Finally! I figured out a much more seamless way to force the headings and any other content to be left aligned in our ePubs for iBooks.  The goal of my ePub creation is really to have a seamless process, we can’t afford the time to unpack, edit html/css, and repack files just for one document… so everything needs to be able to come straight from InDesign and be ready for viewing in iBooks.

I’m also assuming that a large proportion of users probably don’t even know how to turn off the full justification setting for iBooks.. I mean, I didn’t realise the options were in the settings on the iPad for a LONG time myself.. So, by forcing the left align on the headings at least the ePub will look and read nicer with the justification setting still turned on.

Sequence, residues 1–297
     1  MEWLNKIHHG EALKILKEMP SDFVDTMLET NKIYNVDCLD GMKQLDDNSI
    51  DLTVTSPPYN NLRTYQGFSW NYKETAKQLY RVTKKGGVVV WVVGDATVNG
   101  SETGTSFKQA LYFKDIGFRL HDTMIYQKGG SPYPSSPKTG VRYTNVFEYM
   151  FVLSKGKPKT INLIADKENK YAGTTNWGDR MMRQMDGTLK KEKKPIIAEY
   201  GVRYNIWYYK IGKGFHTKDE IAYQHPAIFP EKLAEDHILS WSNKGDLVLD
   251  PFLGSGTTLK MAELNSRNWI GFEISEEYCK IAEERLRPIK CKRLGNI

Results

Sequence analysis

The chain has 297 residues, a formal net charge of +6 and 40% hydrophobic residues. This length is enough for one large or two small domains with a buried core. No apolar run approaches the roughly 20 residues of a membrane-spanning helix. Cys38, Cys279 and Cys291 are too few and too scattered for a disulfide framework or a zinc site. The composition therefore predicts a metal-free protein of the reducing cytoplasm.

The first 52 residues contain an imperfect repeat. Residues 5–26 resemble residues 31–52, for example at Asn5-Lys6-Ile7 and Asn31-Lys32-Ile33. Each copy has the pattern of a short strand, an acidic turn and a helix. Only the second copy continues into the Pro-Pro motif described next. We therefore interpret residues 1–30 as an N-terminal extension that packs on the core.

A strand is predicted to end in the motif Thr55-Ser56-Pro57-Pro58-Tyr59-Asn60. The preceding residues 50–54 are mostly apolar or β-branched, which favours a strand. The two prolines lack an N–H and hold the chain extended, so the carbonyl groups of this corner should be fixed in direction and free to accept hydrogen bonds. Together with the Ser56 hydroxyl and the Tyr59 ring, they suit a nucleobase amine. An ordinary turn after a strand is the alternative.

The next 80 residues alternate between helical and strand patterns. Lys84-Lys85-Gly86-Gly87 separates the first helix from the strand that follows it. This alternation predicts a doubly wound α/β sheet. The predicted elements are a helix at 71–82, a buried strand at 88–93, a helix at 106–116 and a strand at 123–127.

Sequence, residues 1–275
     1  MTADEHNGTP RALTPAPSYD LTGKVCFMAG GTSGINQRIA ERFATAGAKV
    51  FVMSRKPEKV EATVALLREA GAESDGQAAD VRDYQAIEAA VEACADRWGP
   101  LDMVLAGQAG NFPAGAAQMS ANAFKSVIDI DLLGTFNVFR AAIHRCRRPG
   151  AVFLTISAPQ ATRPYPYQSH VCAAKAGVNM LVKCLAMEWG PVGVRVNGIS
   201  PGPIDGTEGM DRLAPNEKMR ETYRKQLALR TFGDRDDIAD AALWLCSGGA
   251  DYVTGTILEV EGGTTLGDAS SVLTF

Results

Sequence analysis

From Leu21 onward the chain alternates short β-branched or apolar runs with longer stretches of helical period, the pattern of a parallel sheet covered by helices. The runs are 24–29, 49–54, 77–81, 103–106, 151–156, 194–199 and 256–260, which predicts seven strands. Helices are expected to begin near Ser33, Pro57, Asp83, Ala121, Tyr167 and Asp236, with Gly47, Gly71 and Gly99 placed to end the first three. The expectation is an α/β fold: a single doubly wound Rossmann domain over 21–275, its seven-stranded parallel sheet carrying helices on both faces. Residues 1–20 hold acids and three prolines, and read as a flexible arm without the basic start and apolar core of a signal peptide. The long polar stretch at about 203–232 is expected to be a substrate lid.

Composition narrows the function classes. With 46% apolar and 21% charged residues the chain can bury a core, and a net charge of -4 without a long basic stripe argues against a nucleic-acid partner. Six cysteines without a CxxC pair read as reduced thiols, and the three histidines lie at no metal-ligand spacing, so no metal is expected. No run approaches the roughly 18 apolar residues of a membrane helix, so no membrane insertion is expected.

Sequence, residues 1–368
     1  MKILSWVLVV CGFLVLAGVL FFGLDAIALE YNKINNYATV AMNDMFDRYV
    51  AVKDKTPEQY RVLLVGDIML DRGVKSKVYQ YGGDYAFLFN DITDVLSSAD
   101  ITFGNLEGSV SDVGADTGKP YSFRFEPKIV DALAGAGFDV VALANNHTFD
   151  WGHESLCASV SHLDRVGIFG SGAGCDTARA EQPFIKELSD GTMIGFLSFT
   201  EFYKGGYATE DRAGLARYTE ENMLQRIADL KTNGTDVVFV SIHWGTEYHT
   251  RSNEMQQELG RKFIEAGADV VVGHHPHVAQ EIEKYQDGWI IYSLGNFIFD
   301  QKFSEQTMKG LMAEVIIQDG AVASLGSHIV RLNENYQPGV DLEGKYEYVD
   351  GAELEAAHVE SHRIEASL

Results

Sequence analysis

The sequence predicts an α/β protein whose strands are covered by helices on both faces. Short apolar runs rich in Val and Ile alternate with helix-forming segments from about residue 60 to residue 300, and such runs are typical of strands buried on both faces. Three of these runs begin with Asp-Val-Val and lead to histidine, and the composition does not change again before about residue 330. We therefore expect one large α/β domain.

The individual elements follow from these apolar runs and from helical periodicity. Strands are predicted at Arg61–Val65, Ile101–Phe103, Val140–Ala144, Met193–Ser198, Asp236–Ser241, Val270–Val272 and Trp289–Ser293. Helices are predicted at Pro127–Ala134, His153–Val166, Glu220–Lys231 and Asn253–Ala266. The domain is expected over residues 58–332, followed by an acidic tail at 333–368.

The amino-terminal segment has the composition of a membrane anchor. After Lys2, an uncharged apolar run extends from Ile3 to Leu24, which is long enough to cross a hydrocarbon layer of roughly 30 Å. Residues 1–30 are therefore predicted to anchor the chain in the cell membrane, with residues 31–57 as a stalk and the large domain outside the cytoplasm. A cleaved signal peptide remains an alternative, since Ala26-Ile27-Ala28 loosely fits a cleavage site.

The only solution I saw on the net to solve the left-aligned problem was to edit the html of the unpacked ePub (which is a massive no for our workflow) and add a span element inside the heading tags. It got me thinking though, and the idea suddenly came to me.  Get InDesign to just do it for you.

First off, create a new character style in your master document (the one that synchronises styles between all the docs in your InDesign book). Call it something like leftAligned. Go to the bottom option, tag formatting, set it up so a is added with the class of leftAligned.  Now, in your css file (the one you use when you export your ePub files) you can have a class that looks something like:

span[class*="leftAligned"]{ text-align: left; }

* little note; just found out the span doesn’t even need to have any styles at all, oh well!

Now, to use the character style and get InDesign to do the work for you; do a find and replace for every document in your book; and what I did was search for any H1 paragraph styles, and have it apply the leftAligned character style to them. I then did it with every other heading type and the referencing paragraph styles.